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Economic Rationality And The Areeda-Turner Rule

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  • Comanor, William S
  • Frech, Ted E

Abstract

The Areeda-Turner rule in U.S. antitrust jurisprudence limits successful predatory pricing cases to circumstances where prices can be shown to have been set below marginal costs. While not cast so, the rule reflects the view that predatory pricing is rarely attempted; and even where attempted is rarely successful; and even where attempted and successful, is difficult to identify. In this paper, we examine the theoretical and empirical foundations of this rule, and conclude that it is time to demote the Areeda-Turner analysis from the status of a rule to that of a potentially useful form of inquiry in predatory pricing litigation, but one which is neither necessary nor dispositive.

Suggested Citation

  • Comanor, William S & Frech, Ted E, 2015. "Economic Rationality And The Areeda-Turner Rule," University of California at Santa Barbara, Economics Working Paper Series qt7vq8v499, Department of Economics, UC Santa Barbara.
  • Handle: RePEc:cdl:ucsbec:qt7vq8v499
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    References listed on IDEAS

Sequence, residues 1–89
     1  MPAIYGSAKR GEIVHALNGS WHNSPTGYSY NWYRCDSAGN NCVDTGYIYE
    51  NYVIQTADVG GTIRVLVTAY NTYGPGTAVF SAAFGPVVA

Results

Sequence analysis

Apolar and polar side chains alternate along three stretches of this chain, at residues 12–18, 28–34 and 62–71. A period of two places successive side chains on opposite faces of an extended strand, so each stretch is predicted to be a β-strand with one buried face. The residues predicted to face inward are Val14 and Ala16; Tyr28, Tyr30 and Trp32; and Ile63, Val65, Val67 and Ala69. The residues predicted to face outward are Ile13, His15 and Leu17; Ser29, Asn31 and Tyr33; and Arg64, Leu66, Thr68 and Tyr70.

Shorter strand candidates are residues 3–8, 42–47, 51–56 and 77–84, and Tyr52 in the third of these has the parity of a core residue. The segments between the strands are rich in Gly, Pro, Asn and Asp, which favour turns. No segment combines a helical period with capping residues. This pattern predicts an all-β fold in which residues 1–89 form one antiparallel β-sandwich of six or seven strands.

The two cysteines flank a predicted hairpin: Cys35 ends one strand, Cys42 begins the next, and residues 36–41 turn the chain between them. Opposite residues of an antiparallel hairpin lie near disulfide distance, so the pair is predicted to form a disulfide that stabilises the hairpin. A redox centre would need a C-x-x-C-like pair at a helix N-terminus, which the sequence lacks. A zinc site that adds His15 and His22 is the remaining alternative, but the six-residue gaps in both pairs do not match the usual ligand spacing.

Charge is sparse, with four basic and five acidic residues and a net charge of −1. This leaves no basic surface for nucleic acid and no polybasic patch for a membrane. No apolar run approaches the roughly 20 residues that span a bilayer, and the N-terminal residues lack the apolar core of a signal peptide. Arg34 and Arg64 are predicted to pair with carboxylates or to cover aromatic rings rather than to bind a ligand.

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    Cited by:

    1. Stephen Martin, 2015. "Areeda–Turner and the Treatment of Exclusionary Pricing under U.S. Antitrust and EU Competition Policy," Review of Industrial Organization, Springer;The Industrial Organization Society, vol. 46(3), pages 229-252, May.

    More about this item

    Keywords

    Social and Behavioral Sciences; Predatory Pricing; Antitrust; Monopolization; Areeda-Turner Rule; Credibility; Subgame Perfection; Rationality; Chain-Store Paradox;

    JEL classification:

    • K21 - Law and Economics - - Regulation and Business Law - - - Antitrust Law
    • L41 - Industrial Organization - - Antitrust Issues and Policies - - - Monopolization; Horizontal Anticompetitive Practices
    • L12 - Industrial Organization - - Market Structure, Firm Strategy, and Market Performance - - - Monopoly; Monopolization Strategies
    • D43 - Microeconomics - - Market Structure, Pricing, and Design - - - Oligopoly and Other Forms of Market Imperfection

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